Kangaroo Mother Care (KMC), prolonged skin-to-skin care of the low birth weight baby with the mother plus exclusive breastfeeding reduces neonatal mortality. Global KMC coverage is low. This study was conducted to develop and evaluate context-adapted implementation models to achieve improved coverage.
This study used mixed-methods applying implementation science to develop an adaptable strategy to improve implementation. Formative research informed the initial model which was refined in three iterative cycles. The models included three components: (1) maximising access to KMC-implementing facilities, (2) ensuring KMC initiation and maintenance in facilities and (3) supporting continuation at home postdischarge.
Key barriers and solutions were identified for scaling up KMC. The resulting implementation model achieved high population-based coverage. KMC initiation reached 68%–86% of infants in Ethiopian sites and 87% in Indian sites. At discharge, KMC was provided to 68% of infants in Ethiopia and 55% in India. At 7 days postdischarge, KMC was provided to 53%–65% of infants in all sites, except Oromia (38%) and Karnataka (36%).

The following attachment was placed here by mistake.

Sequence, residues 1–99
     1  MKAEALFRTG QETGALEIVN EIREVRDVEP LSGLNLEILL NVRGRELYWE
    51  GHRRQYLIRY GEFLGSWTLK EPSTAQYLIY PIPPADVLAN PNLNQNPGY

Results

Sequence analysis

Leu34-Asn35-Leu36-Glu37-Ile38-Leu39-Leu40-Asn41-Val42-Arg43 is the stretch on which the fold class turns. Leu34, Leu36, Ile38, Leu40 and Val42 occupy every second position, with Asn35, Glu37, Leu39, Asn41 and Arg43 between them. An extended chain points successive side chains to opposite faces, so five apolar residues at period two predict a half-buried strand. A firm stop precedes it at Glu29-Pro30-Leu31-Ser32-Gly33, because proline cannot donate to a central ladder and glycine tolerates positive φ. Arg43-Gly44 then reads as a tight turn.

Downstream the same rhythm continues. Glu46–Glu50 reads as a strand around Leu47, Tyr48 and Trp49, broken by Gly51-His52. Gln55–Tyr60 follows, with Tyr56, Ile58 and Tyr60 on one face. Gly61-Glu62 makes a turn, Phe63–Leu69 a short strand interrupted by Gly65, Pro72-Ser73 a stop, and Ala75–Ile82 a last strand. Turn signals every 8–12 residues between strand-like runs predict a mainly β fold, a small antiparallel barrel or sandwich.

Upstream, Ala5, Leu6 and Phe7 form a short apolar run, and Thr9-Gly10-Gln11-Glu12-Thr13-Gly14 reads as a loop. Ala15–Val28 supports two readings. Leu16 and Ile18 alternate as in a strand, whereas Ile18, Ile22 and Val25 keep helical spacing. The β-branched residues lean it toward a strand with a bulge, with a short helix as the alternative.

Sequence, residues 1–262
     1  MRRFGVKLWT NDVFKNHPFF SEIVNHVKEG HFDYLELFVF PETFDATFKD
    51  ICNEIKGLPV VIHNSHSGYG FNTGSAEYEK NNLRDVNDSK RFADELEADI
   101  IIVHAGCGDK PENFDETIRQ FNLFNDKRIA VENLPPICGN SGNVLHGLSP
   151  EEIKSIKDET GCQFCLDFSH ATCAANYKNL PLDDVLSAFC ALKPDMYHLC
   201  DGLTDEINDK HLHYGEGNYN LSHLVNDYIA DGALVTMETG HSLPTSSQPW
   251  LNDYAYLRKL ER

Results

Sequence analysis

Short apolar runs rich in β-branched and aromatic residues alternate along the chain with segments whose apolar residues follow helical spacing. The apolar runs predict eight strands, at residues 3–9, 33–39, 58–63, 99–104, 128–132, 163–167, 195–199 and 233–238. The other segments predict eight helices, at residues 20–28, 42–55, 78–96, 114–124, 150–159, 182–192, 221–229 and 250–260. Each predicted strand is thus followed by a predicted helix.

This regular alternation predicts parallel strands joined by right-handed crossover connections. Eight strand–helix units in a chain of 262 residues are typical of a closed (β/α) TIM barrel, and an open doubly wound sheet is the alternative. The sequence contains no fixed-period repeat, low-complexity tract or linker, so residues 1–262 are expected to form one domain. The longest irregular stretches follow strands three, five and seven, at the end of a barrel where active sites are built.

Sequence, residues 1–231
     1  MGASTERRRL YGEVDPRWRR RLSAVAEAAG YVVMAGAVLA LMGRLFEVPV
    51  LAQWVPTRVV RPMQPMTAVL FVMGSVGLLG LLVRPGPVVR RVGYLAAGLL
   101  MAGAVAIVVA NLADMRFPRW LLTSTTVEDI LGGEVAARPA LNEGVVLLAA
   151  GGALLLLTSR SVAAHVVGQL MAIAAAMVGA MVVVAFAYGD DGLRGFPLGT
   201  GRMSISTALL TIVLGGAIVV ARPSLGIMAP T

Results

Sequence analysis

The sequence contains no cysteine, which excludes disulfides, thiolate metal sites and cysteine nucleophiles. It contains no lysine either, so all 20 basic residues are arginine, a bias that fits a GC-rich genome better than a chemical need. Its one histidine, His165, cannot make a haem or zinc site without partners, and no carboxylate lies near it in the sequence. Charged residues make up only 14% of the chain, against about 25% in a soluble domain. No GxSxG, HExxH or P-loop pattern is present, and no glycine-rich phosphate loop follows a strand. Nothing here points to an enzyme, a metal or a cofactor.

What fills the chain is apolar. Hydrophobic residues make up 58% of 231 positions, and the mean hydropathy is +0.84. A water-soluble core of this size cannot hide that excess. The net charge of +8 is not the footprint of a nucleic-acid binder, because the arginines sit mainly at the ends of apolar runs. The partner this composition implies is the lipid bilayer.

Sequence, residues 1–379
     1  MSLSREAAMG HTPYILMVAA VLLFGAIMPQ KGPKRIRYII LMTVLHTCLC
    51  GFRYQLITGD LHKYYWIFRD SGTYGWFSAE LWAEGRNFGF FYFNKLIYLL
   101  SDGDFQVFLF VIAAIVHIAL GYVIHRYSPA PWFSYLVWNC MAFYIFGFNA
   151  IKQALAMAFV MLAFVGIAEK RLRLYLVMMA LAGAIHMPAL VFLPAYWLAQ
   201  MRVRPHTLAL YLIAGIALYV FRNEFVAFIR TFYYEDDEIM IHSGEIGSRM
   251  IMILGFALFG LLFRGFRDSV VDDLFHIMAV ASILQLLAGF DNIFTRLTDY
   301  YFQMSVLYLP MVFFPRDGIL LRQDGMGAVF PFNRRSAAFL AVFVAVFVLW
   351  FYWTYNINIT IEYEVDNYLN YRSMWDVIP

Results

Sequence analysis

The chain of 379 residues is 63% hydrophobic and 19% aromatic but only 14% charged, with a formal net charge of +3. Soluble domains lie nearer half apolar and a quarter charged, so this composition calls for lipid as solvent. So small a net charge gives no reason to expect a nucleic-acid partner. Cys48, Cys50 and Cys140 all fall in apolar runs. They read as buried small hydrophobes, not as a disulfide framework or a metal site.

What is already known?
- Preterm births and low birth weight contribute to 80% of neonatal deaths.
- Kangaroo Mother Care (KMC) reduces mortality in stable babies <2000 g in hospital settings.
- WHO and national policies exist to support KMC, yet global coverage remains low.
What are the new findings?
- High population-based coverage of KMC can be achieved using a model derived through implementation research.
- The model includes strong government leadership, health workers’ conviction that KMC is the standard of care, women’s and families’ acceptance of KMC, and changes in infrastructure, policy and practice.
- Key to success are KMC units, ecosystems that keep mother and baby together, provide basic amenities and services for the mother–baby pair, effective counselling and technical support.